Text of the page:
This is a prototype IEC61851 / J1772 EVSE (Electric Vehicle Supply Equipment) Interface intended to connect to a 3.3V micro-controller of your choice. It was originally designed to piggyback on the Electric Vehicle Charge Controller PCB (shown above) and utilise the on-board Microchip dsPIC33 MCU. Firmware for the dsPIC33 is currently working.
Code is now being developed for the ESP32. The ESP32 has WiFi capability and this will enable the EVSE to retrieve electricity market pricing or instantaneous PV solar generation data.
Below are selection of open source designs for EVSE. Some have been through multiple revisions and make a great starting point to learn from their findings.
Hardware – Theory of operation
Readers should be familiar with IEC61851 / J1772 signalling. If not, please refer to Wikipedia.
Control Pilot – Background
Below is a simplified version of the Control Pilot (CP) circuit. A relay, used to switch in SWCAN digital communications, has been removed to enhance readability.
The PWM input is a 3.3V digital input. Use an external microcontroller to generate a 1kHz ± 0.5% square wave used to advertise the available charging current. The duty cycle can be determined from the table below:
|Available Charging Current||Duty Cycle provided by EVSE (± 1%)|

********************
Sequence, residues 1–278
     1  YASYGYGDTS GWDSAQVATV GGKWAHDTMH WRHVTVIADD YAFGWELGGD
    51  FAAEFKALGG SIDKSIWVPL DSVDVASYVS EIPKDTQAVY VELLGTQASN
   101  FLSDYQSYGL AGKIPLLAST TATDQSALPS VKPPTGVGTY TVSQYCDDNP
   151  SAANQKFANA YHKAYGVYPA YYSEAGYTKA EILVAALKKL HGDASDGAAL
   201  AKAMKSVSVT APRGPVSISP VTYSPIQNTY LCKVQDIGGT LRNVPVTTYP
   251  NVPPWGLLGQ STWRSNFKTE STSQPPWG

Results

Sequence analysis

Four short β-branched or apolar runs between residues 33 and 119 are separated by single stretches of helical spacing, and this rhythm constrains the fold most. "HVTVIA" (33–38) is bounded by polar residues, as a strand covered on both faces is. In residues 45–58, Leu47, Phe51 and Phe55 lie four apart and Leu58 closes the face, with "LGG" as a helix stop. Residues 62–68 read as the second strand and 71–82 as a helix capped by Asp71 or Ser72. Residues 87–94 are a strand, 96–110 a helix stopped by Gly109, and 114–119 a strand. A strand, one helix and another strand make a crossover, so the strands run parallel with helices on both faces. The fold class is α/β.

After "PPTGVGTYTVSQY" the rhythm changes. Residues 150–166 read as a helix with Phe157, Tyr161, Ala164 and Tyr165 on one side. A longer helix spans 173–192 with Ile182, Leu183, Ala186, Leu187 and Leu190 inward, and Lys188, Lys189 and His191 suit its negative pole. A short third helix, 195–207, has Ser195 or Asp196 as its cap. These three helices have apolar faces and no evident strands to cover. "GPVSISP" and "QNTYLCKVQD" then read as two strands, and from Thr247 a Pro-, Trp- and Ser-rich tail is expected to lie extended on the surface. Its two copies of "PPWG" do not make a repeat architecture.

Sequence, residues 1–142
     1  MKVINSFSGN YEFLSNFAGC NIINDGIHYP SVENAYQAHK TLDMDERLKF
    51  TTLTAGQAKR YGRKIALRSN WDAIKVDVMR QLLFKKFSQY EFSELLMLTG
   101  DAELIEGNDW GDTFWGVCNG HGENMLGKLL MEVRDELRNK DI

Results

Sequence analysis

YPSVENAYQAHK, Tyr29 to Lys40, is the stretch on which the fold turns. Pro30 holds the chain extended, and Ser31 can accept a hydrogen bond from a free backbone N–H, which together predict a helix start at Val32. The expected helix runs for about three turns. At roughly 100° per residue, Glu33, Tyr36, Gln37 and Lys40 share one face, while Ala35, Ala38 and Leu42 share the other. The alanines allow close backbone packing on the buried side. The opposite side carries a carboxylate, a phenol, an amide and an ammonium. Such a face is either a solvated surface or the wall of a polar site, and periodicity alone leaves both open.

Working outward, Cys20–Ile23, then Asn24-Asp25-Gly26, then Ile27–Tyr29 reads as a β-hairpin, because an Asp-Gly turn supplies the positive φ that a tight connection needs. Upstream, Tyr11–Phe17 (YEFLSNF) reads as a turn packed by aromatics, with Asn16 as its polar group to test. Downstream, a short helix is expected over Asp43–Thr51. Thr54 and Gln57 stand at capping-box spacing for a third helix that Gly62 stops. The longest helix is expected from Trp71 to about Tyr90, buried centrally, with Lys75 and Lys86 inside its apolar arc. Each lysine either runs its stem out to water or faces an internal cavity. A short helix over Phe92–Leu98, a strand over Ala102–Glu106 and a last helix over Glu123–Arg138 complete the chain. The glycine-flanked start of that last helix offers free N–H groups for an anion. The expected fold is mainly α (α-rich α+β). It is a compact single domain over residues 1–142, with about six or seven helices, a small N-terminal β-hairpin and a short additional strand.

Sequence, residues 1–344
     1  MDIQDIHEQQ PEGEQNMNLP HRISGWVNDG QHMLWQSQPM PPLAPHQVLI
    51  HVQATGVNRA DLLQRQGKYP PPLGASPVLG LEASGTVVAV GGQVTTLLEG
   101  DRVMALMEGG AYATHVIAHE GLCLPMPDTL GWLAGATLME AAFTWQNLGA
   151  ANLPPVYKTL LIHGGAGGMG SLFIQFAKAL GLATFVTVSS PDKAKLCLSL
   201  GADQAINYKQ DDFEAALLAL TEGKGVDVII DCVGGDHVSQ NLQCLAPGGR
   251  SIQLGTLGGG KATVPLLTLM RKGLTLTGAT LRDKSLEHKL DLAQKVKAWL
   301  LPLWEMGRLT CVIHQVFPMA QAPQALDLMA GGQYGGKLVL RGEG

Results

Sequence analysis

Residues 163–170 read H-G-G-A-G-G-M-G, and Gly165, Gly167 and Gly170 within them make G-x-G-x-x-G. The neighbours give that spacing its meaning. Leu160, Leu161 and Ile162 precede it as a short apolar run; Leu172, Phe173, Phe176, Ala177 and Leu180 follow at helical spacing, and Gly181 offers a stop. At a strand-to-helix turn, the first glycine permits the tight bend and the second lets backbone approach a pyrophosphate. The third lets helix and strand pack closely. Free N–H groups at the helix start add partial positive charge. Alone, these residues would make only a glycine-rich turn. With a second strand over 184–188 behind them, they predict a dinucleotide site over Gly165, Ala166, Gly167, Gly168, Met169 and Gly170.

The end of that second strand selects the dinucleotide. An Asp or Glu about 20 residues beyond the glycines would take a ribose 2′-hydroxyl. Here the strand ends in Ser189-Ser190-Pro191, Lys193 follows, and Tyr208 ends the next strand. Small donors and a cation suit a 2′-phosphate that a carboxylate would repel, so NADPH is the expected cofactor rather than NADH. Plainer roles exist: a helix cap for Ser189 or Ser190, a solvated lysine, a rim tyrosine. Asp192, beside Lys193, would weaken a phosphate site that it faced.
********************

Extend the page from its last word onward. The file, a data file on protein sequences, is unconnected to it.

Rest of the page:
|Use Digital Comms |
e.g. IEEE 1901 Power Line or Tesla SWCAN
|6A to 51A||10% to 85% – Duty Cycle = Current (A) / 0.6|
|51A to 80A||85% to 96% – Duty Cycle = (Current (A) / 2.5) + 64|
Op-amp U3A (LM7332) will convert this to a ± 12V signal and drive the control pilot via a 1K series resistor. The LM7332 is a rail to rail op-amp with high output drive and has been used by SmartEVSE.
The ±12V is generated by a 1 watt Mean-well unregulated DC-DC converter (DPU01L-12) operating from a 5V supply. According to the datasheet the output should have an absolute accuracy of ± 3%, but load regulation may be poor. The IEC standard calls for a voltage tolerance of ±5%. It has been noted some open source EVSE designs have shifted from these DC-DC brick converters to a positive 5V to 12V DC-DC switcher and separate charge pump (e.g TC1044) to generate the negative rail from the positive.
Control Pilot Feedback (Status)
The vehicle will communicate back the status by loading the positive cycle of the control pilot. This will in effect produce the following voltages (acts as a voltage divider with the 1k resistor R7):
|Charging Status||Voltage at EV Socket||CP Output|
|No Power (off)||0V||1.72V|
With a spare ½ op-amp left, U3B provides voltage buffering of the CP. R12/R13/R14 is designed to linearly convert ±12V to 0 to 3.3V suitable for feeding into an ADC.
PP (Proximity Pilot) – For Detachable Cable Assemblies
When a tethered cable is attached, the maximum current advertised by the EVSE should naturally not exceed the maximum capability of the charging cable. In this case, the maximum current is hardcoded, and the PP line is normally not connected back to the EVSE electronics.
However, when an EVSE accepts detachable cables, it must first determine the maximum current carrying capacity of the cable. This is done via a resistor mounted in the plug between PP and PE of the detachable cable. (IEC states removable cables should have no release buttons). Both ends of the cable should have the same resistor value so both the EVSE and vehicle can determine maximum current capacity.